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Difference between Miscarriage and Period

The topic of miscarriages and periods can be confusing for some people. Most of us know that a miscarriage is when a baby is lost before birth, but what about periods? Are they the same thing? What’s the difference? In this blog post, we will explore the differences between a miscarriage and period. Stay tuned!

What is Miscarriage?

Miscarriage is the unplanned end of a pregnancy before the 20th week. Miscarriage is also known as spontaneous abortion or fetal demise. According to the American College of Obstetricians and Gynecologists, Miscarriage occurs in 10 to 15 percent of known pregnancies.

However, the actual number is thought to be higher because many early Miscarriages occur before the woman even knows she’s pregnant. Miscarriage is most common in the first trimester of pregnancy, but it can occur at any time during the pregnancy.

Although Miscarriage is common, it can be a very difficult and emotional experience for those who go through it. If you have experienced a Miscarriage, you are not alone. Miscarriage support groups are available to help you through this difficult time.

What is a Period?

The period is a women’s monthly bleeding is a sign that their body is working properly. The bleeding happens when the uterus, or womb, sheds its lining. This process is called menstruation. Every month, the uterus grows a new lining to house and nourish a fertilized egg.

  • If no fertilized egg implants in the uterus, the built-up liner is shed through the vagina during menstruation. The average woman loses about 2 to 3 tablespoons of blood during her period.
  • Periods usually last from three to five days. For some women, they can last up to seven days. Periods can be accompanied by other symptoms like cramps, bloating, moodiness, and fatigue.
  • For most women, these symptoms are mild and go away after a few days. However, some women experience more severe symptoms that can interfere with their daily lives.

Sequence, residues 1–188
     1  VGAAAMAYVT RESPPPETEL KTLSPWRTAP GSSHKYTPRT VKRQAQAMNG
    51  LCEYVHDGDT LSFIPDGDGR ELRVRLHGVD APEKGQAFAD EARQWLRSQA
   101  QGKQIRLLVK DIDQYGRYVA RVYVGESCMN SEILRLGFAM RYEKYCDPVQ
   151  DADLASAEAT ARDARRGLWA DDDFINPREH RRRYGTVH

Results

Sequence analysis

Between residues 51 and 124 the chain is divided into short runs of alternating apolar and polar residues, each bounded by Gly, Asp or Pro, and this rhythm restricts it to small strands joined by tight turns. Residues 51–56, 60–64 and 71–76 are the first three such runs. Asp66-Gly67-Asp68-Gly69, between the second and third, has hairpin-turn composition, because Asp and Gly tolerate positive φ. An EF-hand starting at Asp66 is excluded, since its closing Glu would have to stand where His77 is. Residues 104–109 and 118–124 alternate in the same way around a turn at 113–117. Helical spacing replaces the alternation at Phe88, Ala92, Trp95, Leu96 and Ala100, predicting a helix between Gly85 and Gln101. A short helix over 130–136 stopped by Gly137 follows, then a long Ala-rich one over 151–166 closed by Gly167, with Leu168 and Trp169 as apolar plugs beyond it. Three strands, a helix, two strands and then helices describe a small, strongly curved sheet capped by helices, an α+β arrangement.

• These women may be diagnosed with a condition called premenstrual syndrome (PMS). PMS can be managed with lifestyle changes and medication. Periods can also be a nuisance for athletes and people who have busy lifestyles.
  • Wearing tampons or pads can make it difficult to participate in activities like swimming or running. Some women choose to use menstrual cups or discs as an alternative to tampons and pads. These products collect menstrual blood instead of absorbing it.

This can make them more comfortable to wear during physical activity. Periods are a natural part of a woman’s life, and there is no need to be ashamed of them. Periods are necessary for pregnancy to happen. They are also a sign that your body is working the way it should. Don’t let periods hold you back from living your life to the fullest!

Difference between Miscarriage and Period

Miscarriage is the loss of a pregnancy before the 20th week. About 10 to 20 percent of known pregnancies end in miscarriage. Sometimes, the woman doesn’t even know she’s pregnant when she miscarry.

  • Miscarriage happens suddenly and may cause heavy bleeding with or without cramping pain in the lower abdomen. There may also be tissue and clots passed from the vagina.
  • A period, on the other hand, is a woman’s monthly bleeding that happens as part of her menstrual cycle. Every month, the uterus thickens its lining in case an egg is fertilized.
  • If there’s no fertilized egg, the lining and blood are shed through the vagina. This usually takes place every 28 days or so, but it can vary from 21 to 35 days. Most times, you’ll lose about 2 tablespoons (30 milliliters) of blood during your period, which lasts for 3 to 5 days.
  • Periods can be accompanied by bloating, breast tenderness, headaches, and moodiness. Some women have cramps with their periods while others do not.

In short, a Miscarriage is when a pregnancy is lost before 20 weeks and a period is when a woman sheds her uterine lining because she did not get pregnant that month.

Conclusion

Miscarriage and periods can be difficult to tell apart, especially in the early stages. This article has hopefully helped you understand the difference between a miscarriage and your period a little better.

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